[0090] By controlling the mirrors in the first and second regions of the micromirror array, the As exit strength of the sub-beam corresponding to that sub-array is altered. Thus, by individually altering the position of the mirrors in each sub-array the strength of each exiting sub-beam is altered. The mirrors typically are positioned to equalize the power between each sub-beam traveling through the input and output fibers, but the various sub-beams may be adjusted to have other power levels.

[0091] Although the location of the light trap 320 and detector 324 could be reversed, the optical layout shown in FIG. 9 allows the strength of the signal to be equalized prior to being measured by the detector 324. This enables the use of a detector with a much more limited dynamic range compared to the embodiments that direct all of the light subtracted from the output signal to the detector. In FIG. 9, the signal is equalized by the first region of micromirrors, which sends light subtracted from the output signal to a light trap 320. The second region of the micromirror array then subtracts a small portion of the remaining output light and directs the small portion to the detector 324. A controller 902 reads the signal from the detector and provides a control signal to the modulator 314. By knowing the number and location of the mirrors from the second region of a sub-array in the second position and the strength of the signal received by the detector, the controller can determine the output strength of the signal corresponding to that sub-array. The controller then determines which mirrors in the first region to rotate in the first and second directions so that a given signal has the proper signal strength at the output.

[0092] Alternatively, the controller not only receives signals from the detector, but also from an external source such as a network. The external source provides various information including, for purposes of illustration, information about the input signal strength of one or more sub-beams and information of the desired output signal strength for one or more sub-beams. Thus, the external source can indicate that a given sub-beam should have a particular output signal strength suited to its prospective signal path. The controller may also provide signals to the external network to communicate information about the signal strength of the various sub-beams.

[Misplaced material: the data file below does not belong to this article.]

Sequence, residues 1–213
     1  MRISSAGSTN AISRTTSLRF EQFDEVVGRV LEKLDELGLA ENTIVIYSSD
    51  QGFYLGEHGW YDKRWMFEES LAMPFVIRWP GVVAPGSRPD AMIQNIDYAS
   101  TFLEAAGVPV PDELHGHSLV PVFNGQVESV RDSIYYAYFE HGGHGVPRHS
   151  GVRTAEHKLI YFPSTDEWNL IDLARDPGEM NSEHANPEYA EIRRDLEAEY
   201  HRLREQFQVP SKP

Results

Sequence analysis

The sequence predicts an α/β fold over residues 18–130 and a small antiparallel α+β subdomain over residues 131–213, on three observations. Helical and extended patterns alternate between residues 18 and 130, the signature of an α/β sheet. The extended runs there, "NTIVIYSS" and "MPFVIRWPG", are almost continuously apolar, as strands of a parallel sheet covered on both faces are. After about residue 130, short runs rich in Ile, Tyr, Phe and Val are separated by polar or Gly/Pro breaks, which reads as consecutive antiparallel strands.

[0093] Thus, although there has been disclosed to this point a particular embodiment for a wavelength equalizer and method thereof, it is not intended that such specific references be considered as limitations upon the scope of this invention except insofar as set forth in the following claims. Furthermore, having described the invention in connection with certain specific embodiments thereof, it is to be understood that further modifications may now suggest themselves to those skilled in the art, it is intended to cover all such modifications as fall within the scope of the appended claims.

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US7019883Apr 3, 2002Mar 28, 2006Cidra CorporationDynamic optical filter having a spatial light modulator
US7116862Feb 25, 2005Oct 3, 2006Cheetah Omni, LlcApparatus and method for providing gain equalization
US7126740Jan 28, 2003Oct 24, 2006Cidra CorporationMultifunctional optical device having a spatial light modulator with an array of micromirrors
US7142749Jun 26, 2002Nov 28, 2006Finisar CorporationSystem and method for controlling spectral passband profile
US7187485 *Jul 31, 2003Mar 6, 2007Corning IncorporatedIntegrated continuous spectrum spatial light modulator
US7203398 *Mar 20, 2003Apr 10, 2007Texas Instruments IncorporatedCompact DMD-based optical module
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Classifications
U.S. Classification385/39, 385/27, 385/18, 385/15
International ClassificationG02B6/30, G02B6/32, G02B6/00, G02B6/26, G02B26/08, G02B6/35, G02B6/34
Cooperative ClassificationG02B6/3594, G02B6/2931, G02B6/3516, G02B6/29391, G02B26/0841, G02B6/29395, G02B6/3588, G02B6/356
European ClassificationG02B6/293W6, G02B6/293D2R, G02B6/293W10, G02B26/08M4E, G02B6/35E2L
Legal Events
DateCodeEventDescription
Nov 13, 2001ASAssignment
Owner name: TEXAS INSTRUMENTS INCORPORATED, TEXAS
Free format text: ASSIGNMENT OF ASSIGNORS INTEREST;ASSIGNOR:TEW, CLAUDE E.;REEL/FRAME:012379/0231
Effective date: 20011028